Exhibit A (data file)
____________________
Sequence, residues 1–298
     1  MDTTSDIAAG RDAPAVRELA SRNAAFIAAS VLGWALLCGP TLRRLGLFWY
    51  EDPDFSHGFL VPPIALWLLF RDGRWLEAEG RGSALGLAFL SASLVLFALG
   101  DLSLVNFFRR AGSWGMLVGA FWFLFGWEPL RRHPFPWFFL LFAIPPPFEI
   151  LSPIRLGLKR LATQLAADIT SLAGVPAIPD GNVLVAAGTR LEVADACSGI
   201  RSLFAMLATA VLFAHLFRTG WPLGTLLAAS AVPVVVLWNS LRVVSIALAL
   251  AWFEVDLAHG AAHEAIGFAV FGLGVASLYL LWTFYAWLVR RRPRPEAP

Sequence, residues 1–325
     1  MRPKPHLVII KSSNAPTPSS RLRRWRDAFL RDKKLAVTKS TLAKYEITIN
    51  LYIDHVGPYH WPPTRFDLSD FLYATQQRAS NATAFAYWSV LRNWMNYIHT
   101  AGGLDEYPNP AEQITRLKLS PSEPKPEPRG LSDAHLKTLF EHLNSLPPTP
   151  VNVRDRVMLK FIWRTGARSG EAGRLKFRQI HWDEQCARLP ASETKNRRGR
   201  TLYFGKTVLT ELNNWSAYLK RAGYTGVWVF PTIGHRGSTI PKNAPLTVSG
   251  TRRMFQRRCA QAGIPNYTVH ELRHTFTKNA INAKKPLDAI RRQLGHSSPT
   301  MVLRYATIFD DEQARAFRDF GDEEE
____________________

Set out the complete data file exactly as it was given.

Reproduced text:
Sequence, residues 1–298
     1  MDTTSDIAAG RDAPAVRELA SRNAAFIAAS VLGWALLCGP TLRRLGLFWY
    51  EDPDFSHGFL VPPIALWLLF RDGRWLEAEG RGSALGLAFL SASLVLFALG
   101  DLSLVNFFRR AGSWGMLVGA FWFLFGWEPL RRHPFPWFFL LFAIPPPFEI
   151  LSPIRLGLKR LATQLAADIT SLAGVPAIPD GNVLVAAGTR LEVADACSGI
   201  RSLFAMLATA VLFAHLFRTG WPLGTLLAAS AVPVVVLWNS LRVVSIALAL
   251  AWFEVDLAHG AAHEAIGFAV FGLGVASLYL LWTFYAWLVR RRPRPEAP

Sequence, residues 1–325
     1  MRPKPHLVII KSSNAPTPSS RLRRWRDAFL RDKKLAVTKS TLAKYEITIN
    51  LYIDHVGPYH WPPTRFDLSD FLYATQQRAS NATAFAYWSV LRNWMNYIHT
   101  AGGLDEYPNP AEQITRLKLS PSEPKPEPRG LSDAHLKTLF EHLNSLPPTP
   151  VNVRDRVMLK FIWRTGARSG EAGRLKFRQI HWDEQCARLP ASETKNRRGR
   201  TLYFGKTVLT ELNNWSAYLK RAGYTGVWVF PTIGHRGSTI PKNAPLTVSG
   251  TRRMFQRRCA QAGIPNYTVH ELRHTFTKNA INAKKPLDAI RRQLGHSSPT
   301  MVLRYATIFD DEQARAFRDF GDEEE